The majority Of U.S. House Says Musicians Should Not Be Paid When Their Song Is On The Radio
“It’s crazy to think in 2020 songwriters are more regulated than Facebook. The American songwriter is one of the most government-controlled professions in American history,” - LeAnn Rimes
Twelve more members of the U.S. House of Representatives have signed on to The Local Radio Freedom Act, which continues the practice of not paying performers when their song is played on broadcast radio.
With these new endorsements, a majority of the U.S. House has signed on support radio’s lack of payments to performers, a practice which every other free country in the developed world rejects as unfair. Unbelievably, the U.S. is one of only 4 countries in the world that doesn’t pay artists for radio airplay. More unbelievably, the other 3 are North Korea, Iran and China, none of which are exactly known for their artistic freedom, copyright protections, or human rights.
Songwriters are regulated by rules written 80 years ago and streaming has made it difficult for them to earn a fair wage. Songwriters are some of the most heavily regulated small-business owners in this country; even more so than pharmaceutical companies.
As an example, the Righteous Brothers “You’ve Lost That Lovin’ Feeling” is the most played song on the radio ever, with more than 15+ million plays since its release in 1964, yet the group never received a dime from all that radio airtime. Its writers (Barry Mann, Cynthia Weil and Phil Spector) got rich form it, however.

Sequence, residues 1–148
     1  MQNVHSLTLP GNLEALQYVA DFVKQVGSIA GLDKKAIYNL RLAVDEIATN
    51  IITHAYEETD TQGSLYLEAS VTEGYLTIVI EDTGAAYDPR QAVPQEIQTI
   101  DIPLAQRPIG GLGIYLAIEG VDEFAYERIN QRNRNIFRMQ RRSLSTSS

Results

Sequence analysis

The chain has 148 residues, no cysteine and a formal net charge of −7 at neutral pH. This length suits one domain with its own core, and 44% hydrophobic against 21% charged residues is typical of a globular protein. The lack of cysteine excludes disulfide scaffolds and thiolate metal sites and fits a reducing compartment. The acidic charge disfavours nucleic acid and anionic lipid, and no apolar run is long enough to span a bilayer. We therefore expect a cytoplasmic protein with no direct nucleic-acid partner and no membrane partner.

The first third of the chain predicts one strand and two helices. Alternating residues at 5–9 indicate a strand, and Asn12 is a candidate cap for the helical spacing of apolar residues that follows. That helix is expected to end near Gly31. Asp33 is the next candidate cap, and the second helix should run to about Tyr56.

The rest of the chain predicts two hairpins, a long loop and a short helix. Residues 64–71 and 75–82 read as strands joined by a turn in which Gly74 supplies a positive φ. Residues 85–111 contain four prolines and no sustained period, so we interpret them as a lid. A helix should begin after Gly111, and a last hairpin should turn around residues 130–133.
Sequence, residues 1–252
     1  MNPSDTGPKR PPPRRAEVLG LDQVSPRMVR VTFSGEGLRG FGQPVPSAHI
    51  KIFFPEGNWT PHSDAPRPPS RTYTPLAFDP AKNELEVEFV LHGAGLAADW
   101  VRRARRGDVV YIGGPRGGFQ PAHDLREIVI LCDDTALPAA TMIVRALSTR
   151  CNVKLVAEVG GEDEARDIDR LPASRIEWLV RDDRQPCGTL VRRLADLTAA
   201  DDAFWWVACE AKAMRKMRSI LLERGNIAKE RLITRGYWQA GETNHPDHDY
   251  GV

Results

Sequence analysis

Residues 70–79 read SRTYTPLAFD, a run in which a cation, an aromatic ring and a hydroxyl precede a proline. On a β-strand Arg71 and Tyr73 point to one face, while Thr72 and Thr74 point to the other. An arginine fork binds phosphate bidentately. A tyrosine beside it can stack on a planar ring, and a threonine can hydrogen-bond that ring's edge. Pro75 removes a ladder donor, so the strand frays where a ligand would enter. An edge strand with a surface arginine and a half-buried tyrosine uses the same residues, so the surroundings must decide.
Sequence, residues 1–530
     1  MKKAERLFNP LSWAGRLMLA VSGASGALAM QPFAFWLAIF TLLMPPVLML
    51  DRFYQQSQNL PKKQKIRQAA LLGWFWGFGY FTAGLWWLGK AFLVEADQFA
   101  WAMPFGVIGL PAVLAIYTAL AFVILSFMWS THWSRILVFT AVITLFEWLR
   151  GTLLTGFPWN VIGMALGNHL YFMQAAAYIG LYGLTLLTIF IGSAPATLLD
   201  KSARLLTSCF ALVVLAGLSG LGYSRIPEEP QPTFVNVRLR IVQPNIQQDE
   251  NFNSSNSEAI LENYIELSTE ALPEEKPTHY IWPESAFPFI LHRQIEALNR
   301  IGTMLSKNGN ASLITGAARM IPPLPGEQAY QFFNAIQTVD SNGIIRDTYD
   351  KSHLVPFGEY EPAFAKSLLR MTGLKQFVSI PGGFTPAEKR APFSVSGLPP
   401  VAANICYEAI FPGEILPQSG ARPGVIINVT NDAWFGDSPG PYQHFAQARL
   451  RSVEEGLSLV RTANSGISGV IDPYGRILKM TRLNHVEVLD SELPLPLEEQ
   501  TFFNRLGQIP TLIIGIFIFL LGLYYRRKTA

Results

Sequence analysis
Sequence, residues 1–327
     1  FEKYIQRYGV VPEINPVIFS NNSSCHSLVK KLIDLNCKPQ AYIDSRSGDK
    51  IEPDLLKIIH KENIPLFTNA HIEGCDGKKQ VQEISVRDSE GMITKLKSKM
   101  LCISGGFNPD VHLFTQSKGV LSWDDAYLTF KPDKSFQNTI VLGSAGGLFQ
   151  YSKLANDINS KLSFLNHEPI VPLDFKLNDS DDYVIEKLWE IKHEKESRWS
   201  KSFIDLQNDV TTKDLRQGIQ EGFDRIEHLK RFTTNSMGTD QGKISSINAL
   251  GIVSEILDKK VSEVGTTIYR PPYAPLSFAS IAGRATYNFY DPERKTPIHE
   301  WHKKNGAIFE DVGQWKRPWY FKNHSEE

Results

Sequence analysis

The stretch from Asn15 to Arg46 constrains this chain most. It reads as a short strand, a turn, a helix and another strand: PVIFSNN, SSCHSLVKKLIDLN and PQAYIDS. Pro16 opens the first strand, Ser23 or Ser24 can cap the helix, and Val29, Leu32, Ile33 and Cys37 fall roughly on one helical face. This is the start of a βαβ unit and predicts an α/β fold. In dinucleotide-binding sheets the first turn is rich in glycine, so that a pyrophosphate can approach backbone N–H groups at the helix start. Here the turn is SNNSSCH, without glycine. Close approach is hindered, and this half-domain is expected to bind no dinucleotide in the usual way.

Bipartisan Lack Of Support For Musicians
Just in case you might think that Democrats would be better on this than Republicans, look at this week’s new endorsees:
- Danny Davis (D-IL-7)
- Bill Pascrell (D-NJ-9)
- Brad Schneider (D-IL-10)
- Kurt Schrader (D-OR-5)
- Mikie Sherrill (D-NJ-11)
- Ben McAdams (D-UT-4)
- Michael Burgess (R-TX-26)
- Mike Garcia (R-CA-25)
- Chris Jacobs (R-NY-27)
- Michael McCaul (R-TX-10)
- John Moolenaar (R-MI-4)
- Thomas Tiffany (R-WI-7)
“Rather than paying music creators for their work as streaming services and broadcasters overseas do, the NAB has spent more than $15 million dollars on lobbyists to get Big Radio’s interests heard on Capitol Hill, including on this misleading anti-worker resolution. That’s more than twice the amount that small U.S. broadcasters would have to pay in royalities under the small business licensing caps in the bipartisan Ask Musicians for Music (AM/FM) Act.
“Copyright should not be regulated [by Congress],” states noted music attorney attorney Dina LaPolt, moderating the panel “Getting Credit Where Credit Is Due.” “It’s your property and you should be able to negotiate in a free market without the government saying what you should be paid.